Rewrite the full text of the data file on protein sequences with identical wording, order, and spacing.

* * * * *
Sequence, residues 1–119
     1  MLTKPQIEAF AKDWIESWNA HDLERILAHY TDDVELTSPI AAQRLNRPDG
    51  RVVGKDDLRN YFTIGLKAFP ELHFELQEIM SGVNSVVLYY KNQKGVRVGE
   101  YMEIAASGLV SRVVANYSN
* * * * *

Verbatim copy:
Sequence, residues 1–119
     1  MLTKPQIEAF AKDWIESWNA HDLERILAHY TDDVELTSPI AAQRLNRPDG
    51  RVVGKDDLRN YFTIGLKAFP ELHFELQEIM SGVNSVVLYY KNQKGVRVGE
   101  YMEIAASGLV SRVVANYSN